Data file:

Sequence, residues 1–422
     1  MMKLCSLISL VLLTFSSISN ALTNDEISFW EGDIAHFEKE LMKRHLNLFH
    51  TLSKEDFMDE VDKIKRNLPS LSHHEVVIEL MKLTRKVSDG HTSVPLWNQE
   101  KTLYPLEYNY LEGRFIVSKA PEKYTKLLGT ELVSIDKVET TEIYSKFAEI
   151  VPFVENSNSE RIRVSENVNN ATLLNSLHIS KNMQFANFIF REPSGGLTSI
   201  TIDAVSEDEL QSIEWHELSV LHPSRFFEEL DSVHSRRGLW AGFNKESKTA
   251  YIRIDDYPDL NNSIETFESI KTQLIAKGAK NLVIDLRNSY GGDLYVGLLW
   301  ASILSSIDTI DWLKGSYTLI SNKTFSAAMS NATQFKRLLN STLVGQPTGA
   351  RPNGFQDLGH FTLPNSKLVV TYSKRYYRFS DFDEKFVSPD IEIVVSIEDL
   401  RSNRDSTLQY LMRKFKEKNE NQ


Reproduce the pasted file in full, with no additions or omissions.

Sequence, residues 1–422
     1  MMKLCSLISL VLLTFSSISN ALTNDEISFW EGDIAHFEKE LMKRHLNLFH
    51  TLSKEDFMDE VDKIKRNLPS LSHHEVVIEL MKLTRKVSDG HTSVPLWNQE
   101  KTLYPLEYNY LEGRFIVSKA PEKYTKLLGT ELVSIDKVET TEIYSKFAEI
   151  VPFVENSNSE RIRVSENVNN ATLLNSLHIS KNMQFANFIF REPSGGLTSI
   201  TIDAVSEDEL QSIEWHELSV LHPSRFFEEL DSVHSRRGLW AGFNKESKTA
   251  YIRIDDYPDL NNSIETFESI KTQLIAKGAK NLVIDLRNSY GGDLYVGLLW
   301  ASILSSIDTI DWLKGSYTLI SNKTFSAAMS NATQFKRLLN STLVGQPTGA
   351  RPNGFQDLGH FTLPNSKLVV TYSKRYYRFS DFDEKFVSPD IEIVVSIEDL
   401  RSNRDSTLQY LMRKFKEKNE NQ